Proponents of plastic collection — whether it’s specifically ocean-related or not — also note the social benefits to local communities in poor countries such as Haiti and Indonesia, where waste picking can provide a source of income. Tens of millions of people around the world earn a living in the waste industry, First Mile’s Rosenberger said.


“The last line of defence before [a piece of plastic] ends up in the ocean, is a person, usually in a poor neighbourhood, someplace far away, that is ... going to pick it up and make some money to be able to feed their family,” he said.

Ocean-plastic materials, like all recycled materials, come at a premium, and the margin can vary widely depending on the prevailing price of oil. By most estimates, the cost increase can be between five percent and 30 percent. Economies of scale will push prices down and make it easier for brands to incorporate such plastics in their assortment. Most of these products are too new, however, to know whether they’ll remain popular with consumers over the long run.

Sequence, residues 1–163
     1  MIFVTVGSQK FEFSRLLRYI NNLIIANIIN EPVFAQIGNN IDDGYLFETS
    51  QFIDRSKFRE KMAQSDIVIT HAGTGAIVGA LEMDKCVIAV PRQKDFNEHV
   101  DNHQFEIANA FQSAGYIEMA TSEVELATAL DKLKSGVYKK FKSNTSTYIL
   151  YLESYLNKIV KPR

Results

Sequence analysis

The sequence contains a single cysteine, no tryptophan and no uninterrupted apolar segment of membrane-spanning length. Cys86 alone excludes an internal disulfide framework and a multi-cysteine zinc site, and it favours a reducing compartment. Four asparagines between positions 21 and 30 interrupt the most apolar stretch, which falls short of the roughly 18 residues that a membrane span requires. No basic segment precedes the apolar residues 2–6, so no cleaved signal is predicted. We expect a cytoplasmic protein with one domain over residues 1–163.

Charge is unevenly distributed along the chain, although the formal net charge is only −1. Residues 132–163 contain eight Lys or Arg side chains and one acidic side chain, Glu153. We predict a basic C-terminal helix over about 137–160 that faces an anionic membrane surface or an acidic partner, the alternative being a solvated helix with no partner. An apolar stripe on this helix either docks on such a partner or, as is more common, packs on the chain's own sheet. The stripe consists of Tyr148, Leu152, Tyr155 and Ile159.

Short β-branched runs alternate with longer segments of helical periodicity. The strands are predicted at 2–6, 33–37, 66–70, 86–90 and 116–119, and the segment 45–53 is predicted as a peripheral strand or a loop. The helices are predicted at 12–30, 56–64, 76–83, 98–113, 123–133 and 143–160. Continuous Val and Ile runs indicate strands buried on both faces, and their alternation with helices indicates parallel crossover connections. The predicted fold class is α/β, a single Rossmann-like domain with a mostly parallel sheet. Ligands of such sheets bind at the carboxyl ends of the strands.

“Unless this catches on, becomes super economic to produce and has properties that match up to current options or better, this will be a nice niche business,” said Marshal Cohen, chief retail analyst at NPD Group. “Desire only gets us so far; demand is what catapults products into household daily usage.”

Javier Goyeneche, founder and president of Ecoalf, which works with the fishing industry to trawl the ocean depths for waste, said he knows that his Upcycling the Oceans initiative won’t solve the plastic problem overnight.

“I’m getting 200 tonnes out of the ocean every year, but there’s a million tonnes coming into the oceans every year,” he said. “What I want to create is a lot of awareness. We need a lot of education to [teach people to] avoid that waste before it enters the ocean. Once it’s in the ocean, it’s too late.”

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Why Protecting Fashion’s Factory Workers Is Harder Than Ever

The Sustainability Goals Chanel, Kering and H&M Could All Agree On